NATIONAL BUREAU OF ECONOMIC RESEARCH
NATIONAL BUREAU OF ECONOMIC RESEARCH
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Nathan Chappell

Motu Economic and Public Policy Research
Level 1, 97 Cuba St.
Wellington 6011
New Zealand

E-Mail: Nathan.Chappell@motu.org.nz
Institutional Affiliation: Motu Economic and Public Policy Research

NBER Working Papers and Publications

March 2018Intangible Investment and Firm Performance
with Adam B. Jaffe: w24363
We combine survey and administrative data for about 13,000 New Zealand firms from 2005 to 2013 to study intangible investment and firm performance. We find that firm size and moderate competition is associated with higher intangible investment, while firm age is associated with lower intangible investment. Examining firm performance, we find that higher investment is associated with higher labour and capital input, higher revenue, and higher firm-reported employee and customer satisfaction, but not with higher productivity or profitability. The evidence suggests that intangible investment is associated with growth and 'soft' performance objectives, but not with productivity or profitability.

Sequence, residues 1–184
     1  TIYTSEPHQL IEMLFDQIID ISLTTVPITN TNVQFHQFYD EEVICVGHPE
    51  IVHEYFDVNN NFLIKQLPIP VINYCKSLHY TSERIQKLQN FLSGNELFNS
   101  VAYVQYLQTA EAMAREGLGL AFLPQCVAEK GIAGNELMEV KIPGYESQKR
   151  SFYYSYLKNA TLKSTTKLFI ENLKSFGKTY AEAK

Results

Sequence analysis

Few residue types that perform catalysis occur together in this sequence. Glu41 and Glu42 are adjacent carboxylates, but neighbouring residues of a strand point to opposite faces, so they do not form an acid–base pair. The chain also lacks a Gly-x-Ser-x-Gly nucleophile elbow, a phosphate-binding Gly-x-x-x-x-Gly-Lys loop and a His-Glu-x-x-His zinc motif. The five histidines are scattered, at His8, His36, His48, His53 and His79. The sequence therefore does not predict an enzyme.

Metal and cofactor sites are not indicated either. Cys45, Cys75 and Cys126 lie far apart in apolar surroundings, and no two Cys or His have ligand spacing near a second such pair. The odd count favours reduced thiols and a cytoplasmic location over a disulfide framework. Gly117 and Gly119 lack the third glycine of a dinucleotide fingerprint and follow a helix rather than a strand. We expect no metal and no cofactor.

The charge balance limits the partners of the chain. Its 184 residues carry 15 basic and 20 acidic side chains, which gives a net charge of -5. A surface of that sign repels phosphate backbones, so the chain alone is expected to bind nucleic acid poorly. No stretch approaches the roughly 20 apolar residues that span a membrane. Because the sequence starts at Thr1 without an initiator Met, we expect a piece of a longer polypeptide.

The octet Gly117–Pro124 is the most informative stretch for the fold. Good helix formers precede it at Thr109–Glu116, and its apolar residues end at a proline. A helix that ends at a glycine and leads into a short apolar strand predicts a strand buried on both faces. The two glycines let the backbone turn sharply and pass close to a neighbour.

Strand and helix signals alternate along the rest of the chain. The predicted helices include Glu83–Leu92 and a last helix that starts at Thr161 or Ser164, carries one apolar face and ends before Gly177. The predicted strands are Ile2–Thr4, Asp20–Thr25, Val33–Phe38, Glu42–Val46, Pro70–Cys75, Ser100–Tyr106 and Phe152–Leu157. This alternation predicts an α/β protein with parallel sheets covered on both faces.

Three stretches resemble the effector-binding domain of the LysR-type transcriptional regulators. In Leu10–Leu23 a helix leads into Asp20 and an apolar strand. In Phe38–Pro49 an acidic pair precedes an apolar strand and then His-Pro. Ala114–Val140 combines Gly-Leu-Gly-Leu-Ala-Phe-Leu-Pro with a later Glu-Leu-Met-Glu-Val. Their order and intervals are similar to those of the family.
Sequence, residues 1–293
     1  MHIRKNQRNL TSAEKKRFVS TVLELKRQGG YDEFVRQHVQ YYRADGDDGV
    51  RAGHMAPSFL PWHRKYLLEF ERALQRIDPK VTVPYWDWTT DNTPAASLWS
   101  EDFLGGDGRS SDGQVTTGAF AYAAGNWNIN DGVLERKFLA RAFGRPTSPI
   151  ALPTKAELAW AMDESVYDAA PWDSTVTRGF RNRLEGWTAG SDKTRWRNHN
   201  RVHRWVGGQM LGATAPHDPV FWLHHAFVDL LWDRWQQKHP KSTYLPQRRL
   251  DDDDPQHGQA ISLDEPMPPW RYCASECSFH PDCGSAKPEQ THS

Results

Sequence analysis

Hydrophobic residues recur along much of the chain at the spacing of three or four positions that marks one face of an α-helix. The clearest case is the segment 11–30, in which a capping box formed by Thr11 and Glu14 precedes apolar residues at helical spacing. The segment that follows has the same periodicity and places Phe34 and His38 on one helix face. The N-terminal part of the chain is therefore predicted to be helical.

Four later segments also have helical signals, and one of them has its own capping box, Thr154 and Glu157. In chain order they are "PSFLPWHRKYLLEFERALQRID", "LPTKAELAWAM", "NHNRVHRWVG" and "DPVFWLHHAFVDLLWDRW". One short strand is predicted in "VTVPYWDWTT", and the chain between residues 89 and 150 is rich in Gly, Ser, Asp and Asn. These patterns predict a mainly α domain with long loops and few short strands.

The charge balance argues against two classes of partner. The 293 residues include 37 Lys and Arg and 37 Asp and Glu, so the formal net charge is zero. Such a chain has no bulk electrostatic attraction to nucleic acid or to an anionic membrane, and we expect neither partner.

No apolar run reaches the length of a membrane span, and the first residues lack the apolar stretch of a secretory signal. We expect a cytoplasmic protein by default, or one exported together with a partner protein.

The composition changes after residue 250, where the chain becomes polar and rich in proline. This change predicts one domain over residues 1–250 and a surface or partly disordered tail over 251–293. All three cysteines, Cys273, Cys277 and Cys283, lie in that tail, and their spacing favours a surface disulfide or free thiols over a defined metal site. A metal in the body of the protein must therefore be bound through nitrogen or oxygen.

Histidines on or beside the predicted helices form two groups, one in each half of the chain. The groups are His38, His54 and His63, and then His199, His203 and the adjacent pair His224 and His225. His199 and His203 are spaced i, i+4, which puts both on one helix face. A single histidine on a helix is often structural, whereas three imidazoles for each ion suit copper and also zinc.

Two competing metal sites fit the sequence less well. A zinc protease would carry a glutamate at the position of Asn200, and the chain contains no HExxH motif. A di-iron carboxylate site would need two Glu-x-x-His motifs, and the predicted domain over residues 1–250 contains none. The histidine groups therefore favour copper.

Published: Nathan Chappell & Adam Jaffe, 2018. "Intangible Investment and Firm Performance," Review of Industrial Organization, vol 52(4), pages 509-559. citation courtesy of

Worker Flows, Entry and Productivity in the New Zealand Construction Industry
with Adam B. Jaffe, Trinh Le: w24376
The 21st century global decline in productivity growth is not well understood. One possible contributor is a decline in economic dynamism. We explore the contribution of firm formation and employee movement to productivity using administrative data on the population of New Zealand construction firms from 2001-2012, along with linked data on their employees and working proprietors, to study the relationships among entry, worker flows and firm productivity. Entrants are more productive than pre-existing firms. Firms that enter and stay exhibit a persistent productivity advantage that averages about seven percent, but which grows as experience accumulates. We find that job churn is prevalent in construction, with around 60 percent of firm-worker pairs not existing previously or not existing s...
 
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